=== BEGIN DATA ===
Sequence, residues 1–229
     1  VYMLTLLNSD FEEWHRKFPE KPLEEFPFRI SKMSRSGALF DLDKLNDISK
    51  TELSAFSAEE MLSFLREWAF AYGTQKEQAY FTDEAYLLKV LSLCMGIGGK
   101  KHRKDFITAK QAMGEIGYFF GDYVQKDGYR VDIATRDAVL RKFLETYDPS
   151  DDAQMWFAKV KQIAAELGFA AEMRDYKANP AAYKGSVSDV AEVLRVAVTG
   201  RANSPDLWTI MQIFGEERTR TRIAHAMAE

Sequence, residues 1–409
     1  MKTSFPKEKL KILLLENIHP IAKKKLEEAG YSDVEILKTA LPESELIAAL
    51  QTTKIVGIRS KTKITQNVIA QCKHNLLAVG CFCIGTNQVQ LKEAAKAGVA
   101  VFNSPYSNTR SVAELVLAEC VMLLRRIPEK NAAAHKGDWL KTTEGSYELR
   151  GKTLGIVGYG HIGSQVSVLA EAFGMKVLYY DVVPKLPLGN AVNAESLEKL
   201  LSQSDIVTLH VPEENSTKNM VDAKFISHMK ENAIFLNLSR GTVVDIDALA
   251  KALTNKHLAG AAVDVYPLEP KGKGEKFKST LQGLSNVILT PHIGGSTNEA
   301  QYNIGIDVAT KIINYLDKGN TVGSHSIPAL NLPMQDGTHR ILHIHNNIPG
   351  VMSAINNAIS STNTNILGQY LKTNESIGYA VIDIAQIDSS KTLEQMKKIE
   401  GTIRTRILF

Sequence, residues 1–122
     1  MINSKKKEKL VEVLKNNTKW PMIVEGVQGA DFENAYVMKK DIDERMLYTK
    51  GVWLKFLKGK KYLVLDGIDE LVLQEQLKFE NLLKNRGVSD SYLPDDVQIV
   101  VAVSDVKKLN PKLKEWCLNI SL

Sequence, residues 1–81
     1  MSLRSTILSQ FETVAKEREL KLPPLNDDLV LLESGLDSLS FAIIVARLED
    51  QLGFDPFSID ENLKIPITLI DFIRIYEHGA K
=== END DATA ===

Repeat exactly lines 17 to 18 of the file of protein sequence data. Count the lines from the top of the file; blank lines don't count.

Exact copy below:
Sequence, residues 1–122
     1  MINSKKKEKL VEVLKNNTKW PMIVEGVQGA DFENAYVMKK DIDERMLYTK